North America faced the lowest temperatures in decades, affecting 190 million people. Some parts of the Midwest hit -14F, with Hell, Michigan freezing over at -1F while Embarrass in Minnesota recorded temperatures which proved it was colder than on Mars. The states of Alabama, Georgia, Tennessee, Arkansas, Michigan, Maryland, Ohio, Pennsylvania and New York experienced record-breaking low temperatures.
Many unpleasant situations were faced by individuals, companies and even school children across the country as a consequence of the bad weather conditions across the country; with temperatures reaching unprecedented lows and cities across the country facing impassable roads that were buried under snow which they were unequipped to remove and water supplies frozen inside the pipes.
The Polar Vortex is being blamed for a lot of things like the missed office hours and the consequent effect on productivity; more than 49000 canceled flights; the decline in manufacturing and retail sales; a $35 billion increase in heating bills; and lower revenues from agriculture. As life goes on, and spring comes in, everyone hopes these setbacks will be forgotten as activities pick up and projects are attacked with renewed zeal.
But as long as winter lasts, employers will be on a metaphorical slippery ground if they allow the possibility of their employees facing slippery conditions at the workplace. , Medical centers across the country are reporting spikes in the number of weather-related visits to the emergency room. Falling on untreated walkways or skidding on improperly plowed parking lots will directly translate into litigation and increases in worker’s compensation costs.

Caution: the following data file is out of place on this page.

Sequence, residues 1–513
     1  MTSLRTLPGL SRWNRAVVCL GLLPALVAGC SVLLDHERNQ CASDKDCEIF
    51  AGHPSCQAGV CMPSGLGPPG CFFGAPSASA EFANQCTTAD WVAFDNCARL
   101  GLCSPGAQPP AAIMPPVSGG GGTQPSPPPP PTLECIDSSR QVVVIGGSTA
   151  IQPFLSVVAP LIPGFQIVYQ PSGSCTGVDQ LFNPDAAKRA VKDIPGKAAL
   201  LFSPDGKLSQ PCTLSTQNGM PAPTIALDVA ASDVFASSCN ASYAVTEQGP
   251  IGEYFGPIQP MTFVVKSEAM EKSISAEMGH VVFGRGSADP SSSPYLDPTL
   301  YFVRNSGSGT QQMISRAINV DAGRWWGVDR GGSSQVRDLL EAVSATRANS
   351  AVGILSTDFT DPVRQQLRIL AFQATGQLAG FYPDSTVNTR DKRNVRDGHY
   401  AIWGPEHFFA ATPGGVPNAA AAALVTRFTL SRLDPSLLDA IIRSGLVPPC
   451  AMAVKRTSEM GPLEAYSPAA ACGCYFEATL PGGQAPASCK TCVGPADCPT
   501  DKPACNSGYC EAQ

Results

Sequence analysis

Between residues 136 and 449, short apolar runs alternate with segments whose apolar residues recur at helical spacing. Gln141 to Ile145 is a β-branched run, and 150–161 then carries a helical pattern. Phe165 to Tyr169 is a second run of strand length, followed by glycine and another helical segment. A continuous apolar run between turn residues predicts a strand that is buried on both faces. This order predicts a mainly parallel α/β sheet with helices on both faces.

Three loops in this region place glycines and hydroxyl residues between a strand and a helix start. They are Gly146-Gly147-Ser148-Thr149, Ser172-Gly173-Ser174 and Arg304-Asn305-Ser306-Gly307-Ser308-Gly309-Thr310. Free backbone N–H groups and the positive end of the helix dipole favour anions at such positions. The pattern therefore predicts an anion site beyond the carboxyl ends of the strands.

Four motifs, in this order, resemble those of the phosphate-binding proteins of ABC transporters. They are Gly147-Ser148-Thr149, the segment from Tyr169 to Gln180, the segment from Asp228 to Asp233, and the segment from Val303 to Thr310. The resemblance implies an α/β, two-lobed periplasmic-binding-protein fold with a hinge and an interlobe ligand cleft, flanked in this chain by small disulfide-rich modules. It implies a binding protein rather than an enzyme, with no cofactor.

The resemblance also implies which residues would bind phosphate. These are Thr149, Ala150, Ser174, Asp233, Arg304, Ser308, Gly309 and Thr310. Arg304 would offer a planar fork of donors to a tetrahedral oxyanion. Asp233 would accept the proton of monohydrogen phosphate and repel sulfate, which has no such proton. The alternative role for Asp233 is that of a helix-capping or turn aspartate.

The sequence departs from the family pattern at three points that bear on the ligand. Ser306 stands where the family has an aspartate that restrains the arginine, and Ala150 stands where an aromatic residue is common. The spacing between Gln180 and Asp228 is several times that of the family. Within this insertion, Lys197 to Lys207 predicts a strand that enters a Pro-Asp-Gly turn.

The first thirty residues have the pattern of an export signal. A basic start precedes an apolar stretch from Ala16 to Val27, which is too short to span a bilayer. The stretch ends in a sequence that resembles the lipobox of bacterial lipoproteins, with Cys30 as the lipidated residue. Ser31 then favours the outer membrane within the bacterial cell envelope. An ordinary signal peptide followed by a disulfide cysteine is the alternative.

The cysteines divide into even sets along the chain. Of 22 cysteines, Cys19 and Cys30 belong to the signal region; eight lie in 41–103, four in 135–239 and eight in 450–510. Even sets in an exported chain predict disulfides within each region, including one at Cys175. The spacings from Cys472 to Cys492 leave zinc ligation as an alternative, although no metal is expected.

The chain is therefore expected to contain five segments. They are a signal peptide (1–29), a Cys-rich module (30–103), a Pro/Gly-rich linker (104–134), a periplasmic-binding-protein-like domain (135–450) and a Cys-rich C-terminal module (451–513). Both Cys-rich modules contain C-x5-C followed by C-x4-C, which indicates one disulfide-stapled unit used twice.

While slips and falls during winter are just one aspect of possible causes of workplace injuries, the nature of work and the possibility of injury must be evaluated by employers on a case by case basis as they schedule workers and their daily tasks. Use of protective equipment is also important, while providing sufficient breaks and monitoring the workers for symptoms of cold stress and other symptoms.
Both the National Labor and Employment Act (NLRA) and The Occupational Health & Safety Administration (OSHA) give employees the right to refuse unsafe work and the right to be free from retaliation from employers, if they complain.
It is not possible to visualize the various ways in which an employer could imperil a worker’s safety, but in all cases employers had better evaluate possible hazards and adopt measures to protect their workers, especially in these unprecedented weather conditions, which many have never experienced before.
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